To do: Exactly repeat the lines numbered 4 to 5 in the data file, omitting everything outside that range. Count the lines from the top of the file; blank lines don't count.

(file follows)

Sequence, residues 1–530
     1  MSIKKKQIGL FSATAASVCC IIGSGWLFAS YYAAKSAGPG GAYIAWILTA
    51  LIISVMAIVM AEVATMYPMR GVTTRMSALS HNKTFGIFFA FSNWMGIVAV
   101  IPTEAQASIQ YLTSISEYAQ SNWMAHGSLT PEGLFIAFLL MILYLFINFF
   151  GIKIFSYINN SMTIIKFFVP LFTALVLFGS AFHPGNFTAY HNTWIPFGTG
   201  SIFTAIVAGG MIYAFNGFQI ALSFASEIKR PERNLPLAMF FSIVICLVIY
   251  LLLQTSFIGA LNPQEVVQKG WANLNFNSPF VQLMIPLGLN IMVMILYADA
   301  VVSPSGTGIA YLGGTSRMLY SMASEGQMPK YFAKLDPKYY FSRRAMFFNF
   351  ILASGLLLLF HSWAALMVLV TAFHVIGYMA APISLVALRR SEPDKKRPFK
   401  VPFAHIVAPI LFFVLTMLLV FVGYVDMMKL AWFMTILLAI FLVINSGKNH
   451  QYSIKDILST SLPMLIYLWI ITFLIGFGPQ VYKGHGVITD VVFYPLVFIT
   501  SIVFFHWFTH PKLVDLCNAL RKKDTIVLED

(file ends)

   101  IPTEAQASIQ YLTSISEYAQ SNWMAHGSLT PEGLFIAFLL MILYLFINFF
   151  GIKIFSYINN SMTIIKFFVP LFTALVLFGS AFHPGNFTAY HNTWIPFGTG